A lot of software engineers believe that unit testing is about testing something else which you do after writing production code. This is not right. The soul of the unit tests are specifying the behaviour rather than testing anything else, about what you’re going to develop. Then you can write your production code to verify the behaviour, which you have specified in the unit tests. If you believe that unit testing is about testing something else, it’s better to adopt BDD style tests (specs), which give emphasise into behaviour rather than testing. In Go, Ginkgo is a decent library for writing BDD style tests (specs), along with its preferred matcher library Gomega.

A lot of people think that writing unit testing methodology is just about using some testing frameworks and mocking frameworks. But when you follow testing methodology along with either TDD or BDD, the most important thing is all about how to write clean and testable code. If your production code does not contain testable and clean code, it would be difficult to embrace the unit testing methodology. Thus, when you write code, do follow good software engineering principles like SOLID and Clean architecture, so that you can easily embrace the unit testing methodology with right spirit.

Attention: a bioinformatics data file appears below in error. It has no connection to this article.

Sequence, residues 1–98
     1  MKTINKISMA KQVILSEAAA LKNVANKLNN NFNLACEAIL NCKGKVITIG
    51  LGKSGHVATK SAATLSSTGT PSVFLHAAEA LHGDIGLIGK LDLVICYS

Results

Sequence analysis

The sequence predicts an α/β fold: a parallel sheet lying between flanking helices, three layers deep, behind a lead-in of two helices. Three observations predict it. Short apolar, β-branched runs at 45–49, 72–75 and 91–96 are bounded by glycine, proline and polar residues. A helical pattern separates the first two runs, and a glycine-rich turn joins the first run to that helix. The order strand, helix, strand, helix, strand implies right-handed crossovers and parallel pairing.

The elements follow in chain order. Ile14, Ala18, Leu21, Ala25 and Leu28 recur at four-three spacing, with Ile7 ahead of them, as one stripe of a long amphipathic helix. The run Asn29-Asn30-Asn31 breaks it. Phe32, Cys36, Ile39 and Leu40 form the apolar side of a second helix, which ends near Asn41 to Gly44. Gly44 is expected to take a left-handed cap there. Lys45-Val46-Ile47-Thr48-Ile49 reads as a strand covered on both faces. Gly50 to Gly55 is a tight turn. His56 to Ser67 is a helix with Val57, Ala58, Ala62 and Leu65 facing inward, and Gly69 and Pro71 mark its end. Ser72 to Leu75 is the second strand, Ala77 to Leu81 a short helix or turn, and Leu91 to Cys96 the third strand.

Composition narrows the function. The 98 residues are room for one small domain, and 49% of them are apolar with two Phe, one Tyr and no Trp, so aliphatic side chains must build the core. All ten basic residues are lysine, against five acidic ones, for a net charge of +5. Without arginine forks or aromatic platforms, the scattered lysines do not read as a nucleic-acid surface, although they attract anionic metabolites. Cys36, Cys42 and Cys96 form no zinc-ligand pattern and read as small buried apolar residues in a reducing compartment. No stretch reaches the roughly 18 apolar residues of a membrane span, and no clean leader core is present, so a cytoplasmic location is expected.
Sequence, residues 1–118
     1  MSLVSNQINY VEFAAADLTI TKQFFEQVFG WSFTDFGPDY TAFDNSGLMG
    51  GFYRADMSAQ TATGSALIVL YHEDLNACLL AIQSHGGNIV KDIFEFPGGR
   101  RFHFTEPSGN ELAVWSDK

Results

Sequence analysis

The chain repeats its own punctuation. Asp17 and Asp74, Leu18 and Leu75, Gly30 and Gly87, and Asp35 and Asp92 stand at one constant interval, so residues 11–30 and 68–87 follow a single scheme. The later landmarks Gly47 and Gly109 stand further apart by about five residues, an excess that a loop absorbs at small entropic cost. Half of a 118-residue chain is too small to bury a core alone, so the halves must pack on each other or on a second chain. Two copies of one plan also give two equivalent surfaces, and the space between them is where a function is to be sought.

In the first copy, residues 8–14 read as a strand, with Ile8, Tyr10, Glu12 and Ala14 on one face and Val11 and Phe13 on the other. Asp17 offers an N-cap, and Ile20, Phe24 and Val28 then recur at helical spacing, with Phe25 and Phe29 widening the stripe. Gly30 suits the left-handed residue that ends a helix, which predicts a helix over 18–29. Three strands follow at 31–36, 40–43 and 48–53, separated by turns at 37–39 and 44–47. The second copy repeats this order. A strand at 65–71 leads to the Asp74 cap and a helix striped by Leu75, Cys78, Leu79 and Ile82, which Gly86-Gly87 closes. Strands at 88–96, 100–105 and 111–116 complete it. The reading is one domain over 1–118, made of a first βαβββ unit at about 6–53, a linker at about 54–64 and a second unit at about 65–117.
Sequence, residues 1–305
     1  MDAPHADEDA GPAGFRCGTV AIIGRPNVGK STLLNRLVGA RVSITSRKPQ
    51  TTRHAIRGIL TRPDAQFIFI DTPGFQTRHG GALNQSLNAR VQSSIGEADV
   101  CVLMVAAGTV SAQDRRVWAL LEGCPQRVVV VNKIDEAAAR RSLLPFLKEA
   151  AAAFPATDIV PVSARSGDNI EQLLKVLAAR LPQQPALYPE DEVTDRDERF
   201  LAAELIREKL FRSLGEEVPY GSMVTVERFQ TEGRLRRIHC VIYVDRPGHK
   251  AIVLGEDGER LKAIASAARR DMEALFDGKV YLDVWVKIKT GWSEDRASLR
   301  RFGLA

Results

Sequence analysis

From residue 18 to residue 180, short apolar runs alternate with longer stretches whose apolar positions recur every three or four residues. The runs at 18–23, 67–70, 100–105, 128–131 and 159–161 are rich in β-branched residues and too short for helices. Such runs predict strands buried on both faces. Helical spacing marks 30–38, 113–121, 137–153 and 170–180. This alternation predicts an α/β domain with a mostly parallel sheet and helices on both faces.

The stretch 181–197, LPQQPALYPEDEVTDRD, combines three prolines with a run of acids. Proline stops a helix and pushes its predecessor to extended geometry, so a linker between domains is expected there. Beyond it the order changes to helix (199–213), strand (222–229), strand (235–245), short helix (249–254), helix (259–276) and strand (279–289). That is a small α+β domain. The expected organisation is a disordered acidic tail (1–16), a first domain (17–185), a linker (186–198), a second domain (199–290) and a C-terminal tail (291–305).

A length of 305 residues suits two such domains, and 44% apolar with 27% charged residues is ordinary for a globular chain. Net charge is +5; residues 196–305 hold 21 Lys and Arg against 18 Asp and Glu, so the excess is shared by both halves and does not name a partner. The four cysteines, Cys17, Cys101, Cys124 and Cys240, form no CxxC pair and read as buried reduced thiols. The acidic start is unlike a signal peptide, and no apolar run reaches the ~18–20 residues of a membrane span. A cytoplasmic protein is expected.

Happy Go coding to everyone!.

By the way, here’s my basic technology stack:



Consulting Solutions Architect and Trainer on Go and Distributed Systems, with focus on Microservices and Event-Driven Architectures. Author of two books on Go.

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Shiju Varghese

Consulting Solutions Architect and Trainer on Go and Distributed Systems, with focus on Microservices and Event-Driven Architectures. Author of two books on Go.